Deirdre M. Smith is associate dean of experiential education and managing director of the Cumberland Legal Aid Clinic, which was established in 1970 and is one of the oldest continuously-operating law school clinical programs in the country. Through the Clinic, student attorneys are specially licensed to practice law and represent real clients in matters ranging from child custody disputes, to immigration matters, to criminal cases.

Professor Smith teaches General Practice Clinic and Evidence, as well as mindfulness programs at Maine Law. She is highly regarded for her extensive scholarship, which has focused most recently on minor guardianship, child protection, and kinship care. Professor Smith is a member of the American Law Institute, chair of the Professional Ethics Commission of the Maine Board of Overseers of the Bar and a former Chair of the Maine Supreme Judicial Court’s Advisory Committee on the Rules of Evidence. She serves as consultant to the Maine Family Law Advisory Commission on minor guardianship and adoption laws. She also works on reform initiatives to improve access to justice for low-income Maine residents and Maine’s court system for family matters. She is a member of the Scholars Strategy Network.

A former law clerk for Chief Judge Gene Carter of the United States District Court for the District of Maine, Professor Smith practiced for several years with the Portland law firm of Drummond Woodsum & MacMahon. Through her varied civil litigation practice at the firm, Professor Smith represented educational institutions, businesses, municipalities and individuals in jury and bench trials, arbitrations, and mediations, as well as in appeals before the Maine Supreme Judicial Court and the United States Court of Appeals for the First Circuit.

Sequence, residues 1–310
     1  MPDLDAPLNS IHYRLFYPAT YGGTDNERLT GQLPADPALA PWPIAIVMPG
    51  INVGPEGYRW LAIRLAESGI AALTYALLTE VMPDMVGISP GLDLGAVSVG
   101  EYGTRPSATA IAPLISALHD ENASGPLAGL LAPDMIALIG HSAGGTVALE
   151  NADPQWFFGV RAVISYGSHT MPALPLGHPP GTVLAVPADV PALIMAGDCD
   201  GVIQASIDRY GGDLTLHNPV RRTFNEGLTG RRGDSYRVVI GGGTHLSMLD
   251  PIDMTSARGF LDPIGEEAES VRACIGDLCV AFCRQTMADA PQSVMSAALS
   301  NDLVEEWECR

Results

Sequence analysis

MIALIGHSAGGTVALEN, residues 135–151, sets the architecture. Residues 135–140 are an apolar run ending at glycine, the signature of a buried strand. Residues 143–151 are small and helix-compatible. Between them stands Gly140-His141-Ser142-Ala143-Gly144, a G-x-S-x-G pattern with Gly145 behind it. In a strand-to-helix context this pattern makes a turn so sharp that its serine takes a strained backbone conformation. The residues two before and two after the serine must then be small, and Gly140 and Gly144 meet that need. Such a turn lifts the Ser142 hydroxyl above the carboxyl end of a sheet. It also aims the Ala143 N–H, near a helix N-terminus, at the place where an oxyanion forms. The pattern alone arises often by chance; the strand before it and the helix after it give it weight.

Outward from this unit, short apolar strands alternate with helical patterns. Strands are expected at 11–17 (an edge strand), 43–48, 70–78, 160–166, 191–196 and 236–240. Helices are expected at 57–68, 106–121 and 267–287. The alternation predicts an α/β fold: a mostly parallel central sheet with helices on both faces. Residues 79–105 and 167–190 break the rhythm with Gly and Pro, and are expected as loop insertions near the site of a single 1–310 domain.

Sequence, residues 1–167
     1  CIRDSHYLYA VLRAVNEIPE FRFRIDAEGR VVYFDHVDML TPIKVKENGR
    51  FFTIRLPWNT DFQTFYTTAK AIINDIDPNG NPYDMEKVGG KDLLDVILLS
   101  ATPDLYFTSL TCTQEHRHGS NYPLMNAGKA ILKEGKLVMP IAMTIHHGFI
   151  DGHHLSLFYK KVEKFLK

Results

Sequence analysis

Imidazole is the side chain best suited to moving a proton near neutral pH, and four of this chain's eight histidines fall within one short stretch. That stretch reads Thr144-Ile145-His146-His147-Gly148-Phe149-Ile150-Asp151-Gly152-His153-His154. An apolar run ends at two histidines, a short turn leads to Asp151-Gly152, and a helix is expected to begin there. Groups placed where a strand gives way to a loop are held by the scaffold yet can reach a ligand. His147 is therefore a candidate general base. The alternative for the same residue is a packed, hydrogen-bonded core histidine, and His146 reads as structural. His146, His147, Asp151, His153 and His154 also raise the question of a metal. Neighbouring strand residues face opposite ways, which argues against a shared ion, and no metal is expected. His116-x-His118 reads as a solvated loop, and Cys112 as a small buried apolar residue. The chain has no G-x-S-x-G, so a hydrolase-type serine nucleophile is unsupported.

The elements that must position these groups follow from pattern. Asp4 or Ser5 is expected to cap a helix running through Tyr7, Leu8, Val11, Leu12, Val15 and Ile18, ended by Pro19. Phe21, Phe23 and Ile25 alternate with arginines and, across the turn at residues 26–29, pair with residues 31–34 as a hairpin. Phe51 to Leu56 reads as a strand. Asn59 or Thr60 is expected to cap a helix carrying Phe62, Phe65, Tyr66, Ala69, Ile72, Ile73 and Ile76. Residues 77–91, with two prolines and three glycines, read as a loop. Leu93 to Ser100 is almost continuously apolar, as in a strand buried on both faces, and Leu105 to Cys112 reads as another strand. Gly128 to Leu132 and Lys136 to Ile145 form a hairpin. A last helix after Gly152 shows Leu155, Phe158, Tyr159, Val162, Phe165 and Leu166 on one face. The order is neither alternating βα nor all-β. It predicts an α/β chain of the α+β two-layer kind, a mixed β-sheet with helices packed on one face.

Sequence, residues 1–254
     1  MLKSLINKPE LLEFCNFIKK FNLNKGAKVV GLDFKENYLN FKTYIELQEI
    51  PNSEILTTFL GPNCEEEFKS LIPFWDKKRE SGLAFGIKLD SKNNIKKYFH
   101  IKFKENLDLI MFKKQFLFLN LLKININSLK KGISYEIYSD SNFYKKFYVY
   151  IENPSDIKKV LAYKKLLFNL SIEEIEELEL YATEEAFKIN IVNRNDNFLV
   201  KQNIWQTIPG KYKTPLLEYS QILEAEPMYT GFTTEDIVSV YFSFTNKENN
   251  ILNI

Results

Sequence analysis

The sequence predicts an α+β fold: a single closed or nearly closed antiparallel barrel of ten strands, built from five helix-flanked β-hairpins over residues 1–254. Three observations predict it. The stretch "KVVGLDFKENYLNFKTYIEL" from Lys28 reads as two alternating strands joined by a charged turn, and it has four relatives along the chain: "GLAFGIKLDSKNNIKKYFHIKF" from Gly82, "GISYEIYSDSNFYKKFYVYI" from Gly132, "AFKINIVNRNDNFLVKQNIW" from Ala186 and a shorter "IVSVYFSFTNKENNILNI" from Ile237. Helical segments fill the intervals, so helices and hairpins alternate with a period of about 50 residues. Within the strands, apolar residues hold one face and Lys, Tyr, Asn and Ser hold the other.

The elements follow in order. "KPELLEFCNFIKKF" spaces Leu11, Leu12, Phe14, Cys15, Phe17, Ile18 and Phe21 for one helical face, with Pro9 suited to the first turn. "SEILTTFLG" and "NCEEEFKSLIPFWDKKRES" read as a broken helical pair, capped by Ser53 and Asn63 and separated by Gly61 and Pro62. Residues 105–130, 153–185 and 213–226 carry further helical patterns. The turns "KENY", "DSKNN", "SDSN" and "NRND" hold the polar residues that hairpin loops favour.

Selected Publications:

Keeping It in the Family: Minor Guardianship As Private Child Protection, 18 CONN. PUB. INT. L. J. 269 (2019). [PDF] [SSRN]

From Orphans to Families in Crisis: Parental Rights Matters in Maine Probate Courts, 68 ME. L. REV. 45 (2016). [PDF] [SSRN]

Dangerous Diagnoses, Risky Assumptions, and the Failed Experiment of “Sexually Violent Predator” Commitment, 67 OKLA. L. REV. 619 (2015). [PDF] [SSRN]

The Risks and Benefits of Disclosing Psychotherapy Records to the Legal System: What Psychologists and Patients Need to Know for Informed Consent, 42-43 INT’L J.L. & PSYCHIATRY 19 (2015) (with Bruce Borkosky, Ph.D.). [ScienceDirect]

Diagnosing Liability: The Legal History of Posttraumatic Stress Disorder, 84 TEMP. L. REV. 1 (2011). [PDF] [SSRN]

The Disordered and Discredited Plaintiff: Psychiatric Evidence in Civil Litigation, 31 CARDOZO L. REV. 749 (2009). [PDF] [SSRN]

Bringing Mindfulness Practices to the Law School Clinic, Equipoise, Newsletter of the Association of American Law Schools Section on Balance in Legal Education (Dec. 2018).

Electronic Evidence and the Right to Confrontation, 83 FORDHAM L. REV. 1216 (2014) (remarks during 2014 Federal Rules of Evidence Advisory Committee Symposium “The Challenges of Electronic Evidence”).

An Uncertain Privilege: Implied Waiver and the Evisceration of the Psychotherapist-Patient Privilege in the Federal Courts, 58 DePAUL L. REV. 79 (2008). [PDF] [SSRN]

Who Says You’re Disabled? The Role of Medical Evidence in the ADA Definition of Disability, 82 TUL. L. REV. 1 (2007). [PDF] [SSRN]

The Paradox of Personality: Mental Illness, Employment Discrimination and the Americans with Disabilities Act, 17 GEO. MASON U. C. R. L.J. 79 (2006). [PDF] [SSRN]

MAINE SCHOOL LAW (Harry Pringle & Amy Tchao, eds., 2001) (co-author of Chapter 6: “School Litigation and Liability”).

Representing Deaf Clients: What Every Lawyer Should Know, 15 ME. B.J. 128 (2000) (with Elizabeth Gallie, Esq.).

Confronting Silence: The Constitution, Deaf Criminal Defendants and the Right to Interpretation During Trial, 46 ME. L. REV. 87 (1994) (winner of 1994 SCRIBES Award). [PDF]